At the dinning, Dozie was urging Sade to take another bite when two policemen arrived. Dozie’s ‘guest’ opened the door for them.

They made straight to the dining. ‘You are under arrest for murder,’ one of them told Sade. The other brought out hand-cuffs.

Sade was shocked. How did they trace her to this place?

‘You can’t hand-cuff her,’ Dozie protested.

‘Stay out of this,’ the policeman with the hand-cuffs warned brutally.

‘I insist you don’t hand-cuff her.’

‘And who are you?’ the other policeman shot at him.

‘I am a lawyer.’

‘Then sue!’ They clipped the cuffs around Sade’s wrists and began to lead her to their rickety Peugeot. Dozie was on the heels protesting, ‘This is totally unacceptable. It is unlawful and defiling!…’

‘It’s okay,’ Sade managed.

‘It’s not, I am coming with you.’

‘Please don’t…’

Dozie had ran back into the house to get his car-key.

#                                  #                                  #                                  #

The car stopped at a lonely dusty road sandwiched by ambitious bushes. ‘Come down,’ the policeman seated with her in the back ordered Sade.

She didn’t understand. ‘I beg your pardon?’

The man unlocked the hand-cuffs. ‘You are free to go, we just discovered our error. You are innocent.’

‘But this is a jungle!’ Sade protested. ‘I can’t trek back.’

‘Call your lawyer boyfriend.’

Sade decided to teach them a lesson.

‘Don’t try anything silly, girl,’ the policeman was pointing his gun at her side. Sade shrugged and left the car. She was totally beaten. The car sped away in a cloud of dust.

Sade stood angry, hungry, tired, thirsty, hateful and sorry for herself. She had no money, no phone. The only means to town was by foot, trekking under the merciless sun. The sun was shining with the anger of a furnace. Sade began to walk into the bush in search of shed; she needed rest, for a while.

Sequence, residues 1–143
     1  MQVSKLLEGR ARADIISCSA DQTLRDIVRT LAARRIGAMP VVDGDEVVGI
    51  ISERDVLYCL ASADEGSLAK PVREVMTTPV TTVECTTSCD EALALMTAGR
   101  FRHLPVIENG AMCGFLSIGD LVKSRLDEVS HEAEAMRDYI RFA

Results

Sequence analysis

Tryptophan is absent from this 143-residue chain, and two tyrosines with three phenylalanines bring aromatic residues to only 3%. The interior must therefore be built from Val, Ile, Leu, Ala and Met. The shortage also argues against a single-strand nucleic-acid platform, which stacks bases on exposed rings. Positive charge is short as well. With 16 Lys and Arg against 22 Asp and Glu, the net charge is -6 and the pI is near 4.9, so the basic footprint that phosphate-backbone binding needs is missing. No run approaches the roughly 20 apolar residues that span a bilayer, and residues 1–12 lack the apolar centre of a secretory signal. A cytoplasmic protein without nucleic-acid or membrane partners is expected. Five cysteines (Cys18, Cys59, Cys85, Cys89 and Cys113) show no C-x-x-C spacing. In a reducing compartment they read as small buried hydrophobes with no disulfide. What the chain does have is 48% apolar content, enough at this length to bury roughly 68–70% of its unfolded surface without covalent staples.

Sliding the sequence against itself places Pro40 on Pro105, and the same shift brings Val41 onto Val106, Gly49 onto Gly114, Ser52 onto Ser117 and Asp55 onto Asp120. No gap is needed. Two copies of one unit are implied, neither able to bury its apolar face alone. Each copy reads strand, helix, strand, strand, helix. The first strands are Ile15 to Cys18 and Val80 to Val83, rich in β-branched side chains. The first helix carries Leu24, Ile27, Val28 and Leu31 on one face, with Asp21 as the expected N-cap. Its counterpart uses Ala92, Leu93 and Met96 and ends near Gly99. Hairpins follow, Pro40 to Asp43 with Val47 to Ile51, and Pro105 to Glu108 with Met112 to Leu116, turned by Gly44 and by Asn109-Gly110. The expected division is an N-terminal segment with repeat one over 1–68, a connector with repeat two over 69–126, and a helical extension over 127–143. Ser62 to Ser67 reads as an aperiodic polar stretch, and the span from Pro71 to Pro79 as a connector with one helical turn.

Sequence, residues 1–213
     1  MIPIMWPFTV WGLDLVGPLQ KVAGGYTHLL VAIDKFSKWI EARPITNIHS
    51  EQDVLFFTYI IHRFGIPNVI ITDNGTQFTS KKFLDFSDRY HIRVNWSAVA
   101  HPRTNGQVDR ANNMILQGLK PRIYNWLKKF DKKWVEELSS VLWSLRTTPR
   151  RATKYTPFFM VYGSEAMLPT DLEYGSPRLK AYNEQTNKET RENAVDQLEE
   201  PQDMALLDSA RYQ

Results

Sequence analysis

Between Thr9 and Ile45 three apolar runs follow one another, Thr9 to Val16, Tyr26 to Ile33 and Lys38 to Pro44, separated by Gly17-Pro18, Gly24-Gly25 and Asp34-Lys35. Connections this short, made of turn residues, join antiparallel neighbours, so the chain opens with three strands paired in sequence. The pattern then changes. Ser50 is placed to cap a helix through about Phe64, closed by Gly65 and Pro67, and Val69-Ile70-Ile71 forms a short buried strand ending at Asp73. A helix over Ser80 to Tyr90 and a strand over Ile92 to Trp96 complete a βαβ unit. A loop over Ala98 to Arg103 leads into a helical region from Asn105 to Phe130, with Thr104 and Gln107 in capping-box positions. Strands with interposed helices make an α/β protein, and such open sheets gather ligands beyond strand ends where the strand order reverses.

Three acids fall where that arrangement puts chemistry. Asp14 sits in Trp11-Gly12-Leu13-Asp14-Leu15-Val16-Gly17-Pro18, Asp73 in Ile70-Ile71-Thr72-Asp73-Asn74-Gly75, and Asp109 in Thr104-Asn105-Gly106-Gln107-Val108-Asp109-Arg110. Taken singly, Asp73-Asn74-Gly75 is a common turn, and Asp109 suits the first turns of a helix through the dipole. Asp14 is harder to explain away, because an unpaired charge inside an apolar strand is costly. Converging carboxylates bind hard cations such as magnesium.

Inside the bush was a big clearance the size of a tennis court. A sport car was parked and leaning in front of the car was a Chinese man, caressing a special police pistol.

Sade stopped dead, so this was their plan, to drop her in the mouth of a Chinese lion. Why are the authorities this insensitive? She thought with great annoyance. Why should they conspire with foreigners to harm her for doing what they had commissioned her to do? Even if the Chinese need me dead must the police get involved?

‘They didn’t tell me you are such a beautiful chick,’ the Chinese man laughed a toothless laughter that frightened the birds in a nearby tree. ‘I wonder why those blackies couldn’t handle this small job.’ He was pointing the gun at Sade’s forehead. She was in a bitter rage, she couldn’t even blink.

The sound of a vehicle was heard on the dusty road. The Chinese man diverted his eyes, for a second. Sade stooped, a bullet shot above her. She grabbed his gun wrist and crashed into him; the two fell on the ground. Sade forced his wrist away and a bullet tore into the ground. They struggled over the gun. The man let go of the gun and hit a strong fist into her lungs. Sade choked for breathe. He grabbed her on the neck and pinned her to the ground. She kicked, heaved, wrestled but he was far stronger; he was strangling her.